“I knew if I did that I’d have a chance. All I wanted to do was get better than the person who won the awards at that time.

“I didn’t want to be a football player, I wanted to be a PE teacher.

“I never really thought about football because hardly anyone I knew had done that, apart from my uncle.

“He was the only person I’d ever heard of getting there. I never thought I could get anywhere near it, then I got a wee chance at Ayr.”

‘Cleaning the sauna windows’

Chance is the word.

Because it was entirely by chance that McCowan got his big break at Ayr United.

“I didn’t sign for Ayr until I was 18. Luckily, a scout came to watch someone else when I played for East End,” McCowan recalled.

“We played in a Scottish Cup game against an Edinburgh side. The scout told me he was watching their number seven but came away wanting me – I was the number seven for East End.

“Where I lived, I was a kick of the ball away from Morton. So when Ayr approached me, Morton then showed interest just because someone else wanted me.

“They left it a bit late – I’d been sitting on their doorstep for five years.

“That’s how my life kickstarted at Ayr, I was just lucky enough to get noticed.”

McCowan signed part-time at Somerset Park and quickly learned the brutal reality of professional football.

He did so quickly, while working part-time as a lifeguard at a leisure centre.

Luke McCowan at Ayr United. Image: SNS

At 19, he signed his first full-time contract and made his Ayr United debut in July 2017. He got his first goal in just his second appearance, finishing off a 5-1 win at East Stirling in the Challenge Cup.

“My missus canes me all the time for talking about being a lifeguard. Roasts me all the time!” McCowan joked.

“But I’m still getting memories on my phone from six years ago of cleaning the sauna windows.

“It is a big eye-opener when you think it wasn’t that long ago when I was doing that at six, seven in the morning.

“Circumstances change and your motivations become different but early on I know when I was at Ayr I knew I didn’t want to go back to part-time.

“Early doors, I was making sure I didn’t go back to that.”

‘Quarter-of-a-million price tag’

McCowan admits he was “scared to death” of Ian McCall, his manager at Ayr.

But the structure and the philosophy was perfect for him at Somerset Park.

McCowan credits David White for helping him at reserve level, Tommy Tait around the first-team and coach Neil Scally, too.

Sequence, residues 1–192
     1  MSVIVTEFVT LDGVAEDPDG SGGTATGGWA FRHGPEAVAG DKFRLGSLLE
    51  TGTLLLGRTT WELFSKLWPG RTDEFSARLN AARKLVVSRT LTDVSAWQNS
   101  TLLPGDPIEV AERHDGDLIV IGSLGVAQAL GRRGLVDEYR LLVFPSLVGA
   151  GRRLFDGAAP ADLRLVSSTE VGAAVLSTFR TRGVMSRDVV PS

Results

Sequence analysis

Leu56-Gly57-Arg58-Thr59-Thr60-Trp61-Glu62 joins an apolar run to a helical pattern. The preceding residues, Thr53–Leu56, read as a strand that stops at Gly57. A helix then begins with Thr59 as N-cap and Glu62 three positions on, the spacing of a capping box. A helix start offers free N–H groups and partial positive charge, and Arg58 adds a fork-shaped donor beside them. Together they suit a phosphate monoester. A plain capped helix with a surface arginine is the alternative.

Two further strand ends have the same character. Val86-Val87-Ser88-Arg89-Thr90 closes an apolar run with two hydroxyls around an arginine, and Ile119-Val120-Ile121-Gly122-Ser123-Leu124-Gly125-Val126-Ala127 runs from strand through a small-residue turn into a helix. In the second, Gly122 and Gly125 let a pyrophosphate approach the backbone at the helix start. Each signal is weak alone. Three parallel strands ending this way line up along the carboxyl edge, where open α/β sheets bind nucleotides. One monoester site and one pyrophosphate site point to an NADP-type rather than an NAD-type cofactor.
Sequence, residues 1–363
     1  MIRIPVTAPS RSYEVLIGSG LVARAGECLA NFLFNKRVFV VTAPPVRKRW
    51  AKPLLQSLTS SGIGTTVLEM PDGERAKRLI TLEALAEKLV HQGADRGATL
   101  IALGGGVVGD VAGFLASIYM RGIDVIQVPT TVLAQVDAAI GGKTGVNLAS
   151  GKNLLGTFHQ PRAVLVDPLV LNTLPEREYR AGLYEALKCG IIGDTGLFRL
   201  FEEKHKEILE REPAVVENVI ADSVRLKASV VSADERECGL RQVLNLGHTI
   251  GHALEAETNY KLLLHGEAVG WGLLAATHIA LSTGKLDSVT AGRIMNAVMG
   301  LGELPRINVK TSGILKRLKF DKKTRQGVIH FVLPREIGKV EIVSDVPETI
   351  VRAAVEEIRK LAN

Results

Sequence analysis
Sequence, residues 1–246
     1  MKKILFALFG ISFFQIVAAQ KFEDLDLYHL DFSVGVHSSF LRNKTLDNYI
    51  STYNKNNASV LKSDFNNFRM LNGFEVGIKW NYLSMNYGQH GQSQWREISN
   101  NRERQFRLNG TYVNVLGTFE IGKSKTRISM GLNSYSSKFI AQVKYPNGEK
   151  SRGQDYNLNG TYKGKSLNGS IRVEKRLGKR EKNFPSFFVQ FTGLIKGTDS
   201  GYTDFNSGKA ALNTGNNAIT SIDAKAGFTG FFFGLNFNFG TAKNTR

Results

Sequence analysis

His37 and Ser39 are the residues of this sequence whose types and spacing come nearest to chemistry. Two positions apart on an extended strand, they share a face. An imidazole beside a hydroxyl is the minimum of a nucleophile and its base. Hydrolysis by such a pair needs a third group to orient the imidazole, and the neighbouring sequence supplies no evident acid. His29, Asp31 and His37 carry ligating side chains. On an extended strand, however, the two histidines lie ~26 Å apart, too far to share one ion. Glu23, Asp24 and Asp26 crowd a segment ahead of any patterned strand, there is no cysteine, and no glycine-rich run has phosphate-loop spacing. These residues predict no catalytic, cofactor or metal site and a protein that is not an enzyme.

Standards were high and that suited McCowan.

Ian McCall was McCowan’s manager at Ayr United. Image: Shutterstock

Of Scally, McCowan said: “He’d call people ‘session-wreckers’. If you’d wrecked a session because you couldn’t pass it or anything. He’d take you out so boys knew you had to be at it.

“We had to stay back to clean up and all that but he’d also do extra drills with us. He enjoyed it as well.

“Ian McCall was the first-team manager as well and I think his style was perfect for somebody like myself – be free and show as much personality on the pitch as possible.

“He was a winger obviously and he’d come in going: ‘Quarter-of-a-million price tag right here, one day you’ll get to that!’

“You were scared to death of him as well. I think that helped the young boys to know you had to be at it.

“Standards had to be really high.”

‘I feel like I’ve only just started’

Any Dundee fan watching McCowan in action will have seen how high he sets his own standards.

Current boss Tony Docherty has said the midfielder can be too hard on himself.

It’s clear that very attitude has driven him on from a “wee teenage guy raging” at missing out on an award to hot property in Scotland’s top league.

But how has coming into the game late affected him?

“I think it’s probably worked in my favour,” he said.

Luke McCowan with the Player of the Year trophy. Image: Dundee FC.
Luke McCowan with the Dundee player of the year trophy. Image: Dundee FC

“I’m 26 but I still feel like I’ve only just started. It’s mental to say. I don’t feel like I’ll burn out.

“Coming in later I think you can retire a bit later. I think I’ve still got another eight, 10 years at a really good level.

“The good thing was I could enjoy a normal upbringing. I was playing with all my mates until I was 16, 17 – not many players could do that.

“It was fun. I didn’t have to worry about moving away from home or anything. I was staying with mum and dad and playing for my school team, things like that.

“I don’t have any bad things to say about coming in late.”